Managing app permissions isn’t a sexy task (if such things exist) but it’s a task we sometimes have to do – and for Flatpak app there’s no better tool than Flatseal.
Today a new version of Flatseal was released.
Flatseal 2.1.0 offers “refined visuals, improved performance, support for a new permission, quality of life additions, and fixes”, according to developer Martín Abente Lahaye.
And since he works on the app, he knows what he’s talking about.
Unlike me. I only just installed the update. Since this is not an app I use on the regular some nuance in the latest uplift might be lost on me.
But visually I can say: it looks banging thanks to libadwaita 1.4 and the ace adaptive awesomeness it gives app makers. It’s great to see so many apps adopting it so soon, too.
A new “feature” is that you no longer need to close and re-open Flatseal if changes happen while you’re using it (e.g., you install a new app). It’s now able to remember the software you were last interacting with and show it when relaunching the app.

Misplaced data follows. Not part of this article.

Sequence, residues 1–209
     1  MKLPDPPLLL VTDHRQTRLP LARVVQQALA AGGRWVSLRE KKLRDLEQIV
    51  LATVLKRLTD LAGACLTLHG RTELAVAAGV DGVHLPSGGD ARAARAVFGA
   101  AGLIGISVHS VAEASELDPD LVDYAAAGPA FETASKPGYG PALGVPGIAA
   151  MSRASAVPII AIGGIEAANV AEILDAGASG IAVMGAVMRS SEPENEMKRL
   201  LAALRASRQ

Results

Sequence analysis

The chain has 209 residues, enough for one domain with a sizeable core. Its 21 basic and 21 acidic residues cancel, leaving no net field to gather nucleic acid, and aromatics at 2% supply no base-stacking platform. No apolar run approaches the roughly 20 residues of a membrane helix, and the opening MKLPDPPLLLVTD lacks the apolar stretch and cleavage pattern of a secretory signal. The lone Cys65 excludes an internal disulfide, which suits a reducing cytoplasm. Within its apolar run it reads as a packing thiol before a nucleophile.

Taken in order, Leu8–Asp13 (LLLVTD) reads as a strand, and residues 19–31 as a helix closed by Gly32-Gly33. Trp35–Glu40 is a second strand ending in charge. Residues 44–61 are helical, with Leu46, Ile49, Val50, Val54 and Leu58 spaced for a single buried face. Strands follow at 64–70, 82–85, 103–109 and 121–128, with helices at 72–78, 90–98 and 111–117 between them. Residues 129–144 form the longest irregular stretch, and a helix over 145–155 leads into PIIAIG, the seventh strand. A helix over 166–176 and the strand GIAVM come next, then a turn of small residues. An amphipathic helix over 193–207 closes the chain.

Flatpak will gain new capabilities in its next release, including a new device input permission. Flatseal 2.1.0 includes support of for toggling that permission (though you can’t access it until the next version of Flatpak is release and updated on your system).
Bug fixes, translation updates, and other lower-level changes also make it in to this release, making it a worthwhile upgrade for all those who often use it.
You can get Flatseal 2.1.0 from Flathub right now (if you have it installed, you can install the update – it does require the GNOME 45 runtime, so if you’re on a metered connection, be aware of that).
Trivia: Flatseal is not named after an unfortunate incident involving a 🦭.